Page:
Sunday, 17 June 2012

U.S Box Office Report - 15th - 17th June 2012

1. Madagascar 3: Europe's Most Wanted - $35.5M - $120.4M
2. Prometheus - $20.2M - $88.8M
3. Rock of Ages - $15M - $15M
4. Snow White and the Huntsman - $13.8M - $122M
5. That's My Boy - $13M - $13M
6. Men in Black III - $10M - $152.6M
7. The Avengers - $8.8M - $586M
8. The Best Exotic Marigold Hotel - $2.2M - $35.1M
9. Moonrise Kingdom - $2.1M -$6.7M
10. What To Expect When You're Expecting - $1.3M - $38.7M

Two new releases enter the summer slam this weekend, the musical Rock of Ages is joined by Adam Sandler's That's My Boy. They'll be taking on not only each other but the second frames of Madagascar 3 and Prometheus - two pictures which opened above $50M seven short days ago. Next week sees the release of what some are calling Pixar's wild card, Brave, which will be joined by the action horror Abraham Lincoln: Vampire Hunter and the comedy drama Seeking a Friend For The End of The World.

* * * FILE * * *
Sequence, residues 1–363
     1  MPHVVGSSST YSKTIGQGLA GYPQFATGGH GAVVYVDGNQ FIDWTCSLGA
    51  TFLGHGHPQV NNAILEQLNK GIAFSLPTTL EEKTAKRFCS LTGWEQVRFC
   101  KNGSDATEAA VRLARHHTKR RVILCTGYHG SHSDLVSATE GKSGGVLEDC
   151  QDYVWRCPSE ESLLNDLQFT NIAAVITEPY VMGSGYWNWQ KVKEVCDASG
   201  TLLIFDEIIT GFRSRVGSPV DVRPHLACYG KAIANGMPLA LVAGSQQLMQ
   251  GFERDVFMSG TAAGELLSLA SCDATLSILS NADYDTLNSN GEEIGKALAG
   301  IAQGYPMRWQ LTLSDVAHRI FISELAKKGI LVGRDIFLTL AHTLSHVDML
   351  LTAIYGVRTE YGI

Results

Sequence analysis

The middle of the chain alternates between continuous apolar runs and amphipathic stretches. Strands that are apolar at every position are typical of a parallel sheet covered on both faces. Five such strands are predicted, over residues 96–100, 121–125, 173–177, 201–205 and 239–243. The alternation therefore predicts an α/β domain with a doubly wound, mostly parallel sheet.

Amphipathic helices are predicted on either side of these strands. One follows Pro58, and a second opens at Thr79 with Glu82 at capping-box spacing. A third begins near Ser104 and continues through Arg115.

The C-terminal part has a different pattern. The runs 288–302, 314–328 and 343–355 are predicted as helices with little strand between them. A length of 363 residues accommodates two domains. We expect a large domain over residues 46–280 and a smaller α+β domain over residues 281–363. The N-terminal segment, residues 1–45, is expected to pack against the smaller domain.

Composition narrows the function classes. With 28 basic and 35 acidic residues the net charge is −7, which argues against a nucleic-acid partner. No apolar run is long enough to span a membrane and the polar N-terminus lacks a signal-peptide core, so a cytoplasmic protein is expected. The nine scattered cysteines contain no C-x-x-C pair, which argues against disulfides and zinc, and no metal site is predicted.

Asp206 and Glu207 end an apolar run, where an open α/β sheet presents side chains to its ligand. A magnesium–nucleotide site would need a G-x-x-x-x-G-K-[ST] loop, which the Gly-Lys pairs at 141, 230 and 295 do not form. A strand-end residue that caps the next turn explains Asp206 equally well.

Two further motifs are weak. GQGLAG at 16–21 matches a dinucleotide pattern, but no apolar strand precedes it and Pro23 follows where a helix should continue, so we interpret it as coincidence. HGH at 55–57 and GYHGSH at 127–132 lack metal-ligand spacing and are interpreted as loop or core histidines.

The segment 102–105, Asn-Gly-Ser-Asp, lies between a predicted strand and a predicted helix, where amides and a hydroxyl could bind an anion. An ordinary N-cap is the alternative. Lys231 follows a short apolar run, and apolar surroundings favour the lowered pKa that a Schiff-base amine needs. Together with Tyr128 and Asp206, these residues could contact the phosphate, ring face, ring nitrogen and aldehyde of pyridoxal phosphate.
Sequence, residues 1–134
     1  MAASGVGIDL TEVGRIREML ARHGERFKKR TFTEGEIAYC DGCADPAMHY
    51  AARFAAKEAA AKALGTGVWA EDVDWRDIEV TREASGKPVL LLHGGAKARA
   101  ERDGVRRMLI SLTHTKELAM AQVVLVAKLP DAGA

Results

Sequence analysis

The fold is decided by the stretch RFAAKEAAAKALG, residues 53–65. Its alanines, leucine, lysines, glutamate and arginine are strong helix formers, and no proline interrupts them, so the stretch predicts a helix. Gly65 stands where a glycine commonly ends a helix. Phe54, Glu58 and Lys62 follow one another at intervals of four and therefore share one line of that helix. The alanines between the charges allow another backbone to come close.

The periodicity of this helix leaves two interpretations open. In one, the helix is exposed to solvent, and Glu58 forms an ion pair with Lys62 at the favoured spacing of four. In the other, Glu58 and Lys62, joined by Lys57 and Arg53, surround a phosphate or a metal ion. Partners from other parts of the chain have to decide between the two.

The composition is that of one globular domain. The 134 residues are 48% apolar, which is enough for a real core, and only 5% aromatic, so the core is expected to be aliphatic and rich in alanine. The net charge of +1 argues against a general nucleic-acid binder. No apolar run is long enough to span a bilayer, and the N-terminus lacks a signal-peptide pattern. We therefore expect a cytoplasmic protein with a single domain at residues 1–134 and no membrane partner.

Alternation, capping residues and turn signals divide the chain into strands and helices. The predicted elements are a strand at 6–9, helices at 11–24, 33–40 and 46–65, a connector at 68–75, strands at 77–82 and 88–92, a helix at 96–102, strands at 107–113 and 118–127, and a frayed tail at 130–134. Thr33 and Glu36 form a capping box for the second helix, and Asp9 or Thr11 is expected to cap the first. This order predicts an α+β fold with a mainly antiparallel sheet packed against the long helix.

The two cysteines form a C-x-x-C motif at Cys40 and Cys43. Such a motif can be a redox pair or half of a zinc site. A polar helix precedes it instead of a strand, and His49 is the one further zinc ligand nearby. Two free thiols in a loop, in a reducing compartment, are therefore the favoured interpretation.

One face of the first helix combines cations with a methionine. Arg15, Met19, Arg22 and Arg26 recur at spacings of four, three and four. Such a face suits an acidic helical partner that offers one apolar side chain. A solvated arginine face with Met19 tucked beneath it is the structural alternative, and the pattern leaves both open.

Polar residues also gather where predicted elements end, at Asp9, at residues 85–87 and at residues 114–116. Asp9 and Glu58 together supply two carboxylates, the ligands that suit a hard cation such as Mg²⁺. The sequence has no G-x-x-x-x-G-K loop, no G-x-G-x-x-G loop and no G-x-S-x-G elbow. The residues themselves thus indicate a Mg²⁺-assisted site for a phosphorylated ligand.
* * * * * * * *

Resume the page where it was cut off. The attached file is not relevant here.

Having won last weekend with a solid $60M, Madagascar 3 continued to dominate through out the week, with its best day (besides its second Friday) being Tuesday, when the film made $7.1M. As we entered the second frame, the Dreamworks sequel had only limited competition from the new films and was operating on some good word of mouth too. It managed $10M on Friday, down 51% on the same day last weekend, when it lost the day to Prometheus - but barring a major miracle, looked to already have won its second weekend at the top there and then. That 51% fall is a little on the high side for a film with no direct competition but one has to remember that this a family flick whose audience prefer a Saturday or Sunday cinema visit to a Friday evening. Again, thanks to weekend matinee performances, Europe's Most Wanted saw an increase in sales, which ultimately led the film to hit $100M on day nine (the same amount of time that the prequel took to reach the figure), leading to a second weekend tally of $35.5M (down 41% on last frame overall). Overseas the news is even better, with Madagascar 3 hitting $100M midweek. As mentioned last weekend, in recent times Dreamworks Animation releases have gone on to perform much stronger internationally than domestically (though this is quickly become the norm for most releases, animated or not) and this looks like being no different. Unfortunately, its competition free days are numbered in North America with the release of Pixar's Brave in just five days time. While the market is big enough to support two animated releases, the obvious choice for families will undoubtedly be the newer option. Made for $145M, Madagascar 3: Europe's Most Wanted has now made $120M.